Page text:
The judge presiding over the FTX bankruptcy case has denied the U.S. Trustee’s request to appoint an independent examiner for the ongoing proceedings. The decision comes after judge John Dorsey postponed the ruling last week, citing concerns that the examiner could cost creditors tens of millions of dollars.
The U.S. Trustee’s Argument for an Independent Examiner Ultimately Overruled by the Court’s Authority
In the latest filing in the FTX bankruptcy case docket, judge John Dorsey has denied the appointment of an independent examiner. Dorsey stated that the current team, led by FTX CEO John J. Ray III, is “highly qualified” to handle the bankruptcy proceedings independently. The decision overrides the U.S. Trustee’s request to hire an independent examiner, which was said to be mandated by Congress.
The judge presiding over the FTX bankruptcy case stressed, however, that he had “no doubt that appointing an examiner would not be in the best interest of the creditors.” According to estimates, current management claimed that expenses for an independent examiner could reach between $90 million and $100 million. “Every dollar spent on administrative expenses in these cases is $1 less for the creditors,” Dorsey stated during the hearing, agreeing that an examiner could be very costly.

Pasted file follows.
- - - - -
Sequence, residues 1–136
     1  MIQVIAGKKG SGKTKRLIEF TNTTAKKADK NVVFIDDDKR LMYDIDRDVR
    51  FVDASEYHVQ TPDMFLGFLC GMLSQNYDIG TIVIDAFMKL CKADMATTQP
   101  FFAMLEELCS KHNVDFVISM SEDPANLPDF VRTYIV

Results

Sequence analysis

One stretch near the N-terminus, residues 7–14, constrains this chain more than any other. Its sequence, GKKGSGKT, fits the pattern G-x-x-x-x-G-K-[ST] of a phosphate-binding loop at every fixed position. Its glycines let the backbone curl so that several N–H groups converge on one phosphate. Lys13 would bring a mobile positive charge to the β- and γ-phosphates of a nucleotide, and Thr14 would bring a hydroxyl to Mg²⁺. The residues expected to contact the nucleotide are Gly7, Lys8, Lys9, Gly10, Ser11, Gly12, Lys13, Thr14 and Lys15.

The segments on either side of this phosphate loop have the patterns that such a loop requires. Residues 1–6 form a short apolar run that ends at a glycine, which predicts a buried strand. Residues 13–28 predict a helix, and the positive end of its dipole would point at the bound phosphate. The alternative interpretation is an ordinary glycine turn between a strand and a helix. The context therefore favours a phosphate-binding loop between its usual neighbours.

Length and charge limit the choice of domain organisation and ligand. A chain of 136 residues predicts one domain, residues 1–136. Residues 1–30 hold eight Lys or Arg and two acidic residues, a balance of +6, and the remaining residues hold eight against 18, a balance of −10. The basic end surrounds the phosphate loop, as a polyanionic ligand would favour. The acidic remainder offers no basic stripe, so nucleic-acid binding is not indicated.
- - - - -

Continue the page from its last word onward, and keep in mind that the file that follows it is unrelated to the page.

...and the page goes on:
Since Dec. 1, 2022, an attorney for the U.S. Trustee, an arm of the U.S. Department of Justice (DOJ), has been attempting to appoint an examiner to the FTX case in the Delaware bankruptcy court. During the case, a representative for the Trustee argued that the appointment of an independent examiner was mandated by Congress and no longer within Dorsey’s authority.
The Trustee’s argument was supported by a letter from four bipartisan U.S. senators insisting that an independent examiner be appointed. However, the decision by the Delaware bankruptcy judge emphasizes that his court’s authority has overruled the government’s request.
What are your thoughts on the judge’s decision to deny the U.S. Trustee’s request for an independent examiner in the FTX bankruptcy case? Let us know in the comments section below.
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